Talking Business: Longview sausage-maker opens shop

2012-05-27T22:00:00Z 2012-05-29T18:40:48Z Talking Business: Longview sausage-maker opens shopBy Marqise Allen / The Daily News Longview Daily News
May 27, 2012 10:00 pm  • 

That old saying about sausage making doesn't apply to Christopher Leach.

His passion for European gourmet sausages started more than two decades ago when a friend had him try some on trip from London to Paris.

"Eating that salami was a total life changer," Leach said. "I'd never tasted something so good."

The 52-year-old Longview resident studied the art of charcuterie — a culinary term meaning "cooker of meat" — for a few years, before making his own sausage as a hobby in his basement.

Seven years later, he's moved his operation into a 434 square-foot building in his back yard, turning his passion into a job.

The professional cellist is hopeful his venture will take off and make a career change.

His business, The Beautiful Pig, is the first of its kind in Southwest Washington and the third in the state.

"I got to a point where mine was as good as any of these and better than most," Leach said. "So I said, 'I'm going for this.' "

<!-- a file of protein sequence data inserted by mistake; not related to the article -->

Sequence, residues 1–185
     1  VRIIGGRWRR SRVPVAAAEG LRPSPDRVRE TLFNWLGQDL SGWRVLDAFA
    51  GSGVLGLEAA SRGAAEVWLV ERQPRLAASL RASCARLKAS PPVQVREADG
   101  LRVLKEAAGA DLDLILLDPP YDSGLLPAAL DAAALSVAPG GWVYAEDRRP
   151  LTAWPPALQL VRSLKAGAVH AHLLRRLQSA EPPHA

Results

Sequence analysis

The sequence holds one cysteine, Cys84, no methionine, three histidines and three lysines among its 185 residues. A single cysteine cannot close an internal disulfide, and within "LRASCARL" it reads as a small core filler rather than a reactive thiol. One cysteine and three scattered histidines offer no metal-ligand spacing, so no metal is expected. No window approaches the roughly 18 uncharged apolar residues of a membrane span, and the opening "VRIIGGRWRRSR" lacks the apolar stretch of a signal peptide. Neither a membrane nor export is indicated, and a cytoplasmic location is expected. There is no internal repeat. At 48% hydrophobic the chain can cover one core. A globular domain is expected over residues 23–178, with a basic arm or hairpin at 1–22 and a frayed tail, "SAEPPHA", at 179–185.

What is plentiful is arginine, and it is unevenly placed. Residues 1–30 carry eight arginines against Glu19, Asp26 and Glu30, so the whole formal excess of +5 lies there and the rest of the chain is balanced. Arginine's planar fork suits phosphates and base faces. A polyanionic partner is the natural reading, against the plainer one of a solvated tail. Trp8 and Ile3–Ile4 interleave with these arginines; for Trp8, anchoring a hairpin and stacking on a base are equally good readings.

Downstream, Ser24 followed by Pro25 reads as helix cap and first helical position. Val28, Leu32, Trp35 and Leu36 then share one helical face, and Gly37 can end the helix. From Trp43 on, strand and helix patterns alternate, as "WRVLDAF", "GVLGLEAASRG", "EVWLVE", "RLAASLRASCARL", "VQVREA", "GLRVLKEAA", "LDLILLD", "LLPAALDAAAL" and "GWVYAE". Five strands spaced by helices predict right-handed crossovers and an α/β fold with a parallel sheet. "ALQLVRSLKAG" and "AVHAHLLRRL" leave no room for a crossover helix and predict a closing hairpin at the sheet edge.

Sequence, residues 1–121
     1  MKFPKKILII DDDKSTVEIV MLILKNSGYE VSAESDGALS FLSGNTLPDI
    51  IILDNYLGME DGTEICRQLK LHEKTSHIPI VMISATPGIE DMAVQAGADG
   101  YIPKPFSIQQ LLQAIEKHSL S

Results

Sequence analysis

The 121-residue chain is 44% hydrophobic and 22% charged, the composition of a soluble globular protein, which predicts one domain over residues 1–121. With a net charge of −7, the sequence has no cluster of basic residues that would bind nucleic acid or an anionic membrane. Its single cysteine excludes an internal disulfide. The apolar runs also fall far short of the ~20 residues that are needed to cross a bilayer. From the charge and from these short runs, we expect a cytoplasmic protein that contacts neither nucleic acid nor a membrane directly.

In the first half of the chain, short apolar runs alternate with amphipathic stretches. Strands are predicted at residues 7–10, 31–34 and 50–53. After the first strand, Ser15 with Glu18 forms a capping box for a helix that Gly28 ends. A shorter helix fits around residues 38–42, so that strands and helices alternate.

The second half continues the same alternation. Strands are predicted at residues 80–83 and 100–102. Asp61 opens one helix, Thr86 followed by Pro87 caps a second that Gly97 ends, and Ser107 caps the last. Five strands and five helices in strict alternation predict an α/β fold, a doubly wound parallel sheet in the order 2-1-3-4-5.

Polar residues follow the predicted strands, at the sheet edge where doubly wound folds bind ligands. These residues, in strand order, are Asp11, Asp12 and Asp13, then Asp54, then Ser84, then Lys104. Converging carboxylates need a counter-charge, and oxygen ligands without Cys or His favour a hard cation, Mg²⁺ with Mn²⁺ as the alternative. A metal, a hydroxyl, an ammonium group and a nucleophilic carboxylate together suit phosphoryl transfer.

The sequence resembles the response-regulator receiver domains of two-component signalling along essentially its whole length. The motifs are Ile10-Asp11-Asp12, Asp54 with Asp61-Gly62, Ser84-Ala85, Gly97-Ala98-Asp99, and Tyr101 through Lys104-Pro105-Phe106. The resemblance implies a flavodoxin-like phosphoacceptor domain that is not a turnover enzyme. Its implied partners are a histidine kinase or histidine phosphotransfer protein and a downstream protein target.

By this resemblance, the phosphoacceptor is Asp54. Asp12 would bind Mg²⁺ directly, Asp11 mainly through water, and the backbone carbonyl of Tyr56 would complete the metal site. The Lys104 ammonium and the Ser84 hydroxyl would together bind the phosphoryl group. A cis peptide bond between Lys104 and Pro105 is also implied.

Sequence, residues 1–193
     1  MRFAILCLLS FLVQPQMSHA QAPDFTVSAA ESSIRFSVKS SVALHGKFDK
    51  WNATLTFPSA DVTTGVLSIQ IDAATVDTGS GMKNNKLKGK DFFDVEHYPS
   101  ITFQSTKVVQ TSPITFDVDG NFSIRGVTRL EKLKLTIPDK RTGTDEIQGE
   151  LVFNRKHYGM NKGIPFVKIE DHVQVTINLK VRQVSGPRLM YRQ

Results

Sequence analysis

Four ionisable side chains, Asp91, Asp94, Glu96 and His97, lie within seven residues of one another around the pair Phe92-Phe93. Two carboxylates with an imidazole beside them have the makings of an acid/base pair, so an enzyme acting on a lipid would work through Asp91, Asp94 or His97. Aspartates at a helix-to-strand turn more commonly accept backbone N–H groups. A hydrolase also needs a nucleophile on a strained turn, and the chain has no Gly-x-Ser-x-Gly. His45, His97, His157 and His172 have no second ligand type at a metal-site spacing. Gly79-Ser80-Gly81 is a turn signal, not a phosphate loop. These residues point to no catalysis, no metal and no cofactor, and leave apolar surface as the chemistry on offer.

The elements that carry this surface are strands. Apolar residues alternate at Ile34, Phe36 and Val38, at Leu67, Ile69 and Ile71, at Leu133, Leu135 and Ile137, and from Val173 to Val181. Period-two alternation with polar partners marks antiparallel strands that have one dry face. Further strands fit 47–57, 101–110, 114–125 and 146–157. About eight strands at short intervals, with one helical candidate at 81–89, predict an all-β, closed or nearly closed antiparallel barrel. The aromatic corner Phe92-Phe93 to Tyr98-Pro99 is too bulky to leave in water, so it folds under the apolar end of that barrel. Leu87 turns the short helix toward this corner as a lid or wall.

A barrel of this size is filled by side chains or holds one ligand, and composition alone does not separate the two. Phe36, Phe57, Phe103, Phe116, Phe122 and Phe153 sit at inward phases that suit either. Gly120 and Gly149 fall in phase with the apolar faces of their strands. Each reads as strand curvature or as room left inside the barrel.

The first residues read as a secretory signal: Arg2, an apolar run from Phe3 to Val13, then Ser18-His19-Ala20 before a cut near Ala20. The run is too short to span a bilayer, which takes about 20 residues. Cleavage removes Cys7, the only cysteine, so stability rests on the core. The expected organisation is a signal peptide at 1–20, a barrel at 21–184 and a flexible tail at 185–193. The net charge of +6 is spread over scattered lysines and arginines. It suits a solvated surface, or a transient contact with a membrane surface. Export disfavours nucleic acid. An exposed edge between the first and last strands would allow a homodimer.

Leach uses antibiotic- and hormone-free pork, European wines, and organic salts and spices to make five different varieties of salami: Tuscan, Hot Tuscan, Spanish Chorizo, Classic Soppressata and French Saucisson.

"There's no trimmings or 'pink slime' in this one, it's all 100 percent pork," he said. "And that's why you want to buy from an artisan maker rather than a big corporation. You know what you're getting."

Customers can buy Leach's gourmet sausage at Hop-N-Grape or ZoJo Coffee in Longview, and he said he's still working with other retailers to sell his edible creations at more locations. Leach also will begin selling his sausage at the farmers market on Saturday's at the fairgrounds at the beginning of next month. The retail price for his meat is about $24 a pound.

Though his business is just getting off the ground, Leach is hoping to expand on the variety of his sausages, branch out to farmers markets in Vancouver and Portland and eventually start making jerky.

"People are going to freak out when they try it," he said. "But I have to get a dehydrator first. So that's a little ways out. ... I got to sell some salamis first."

For more information, call 360-749-9941.

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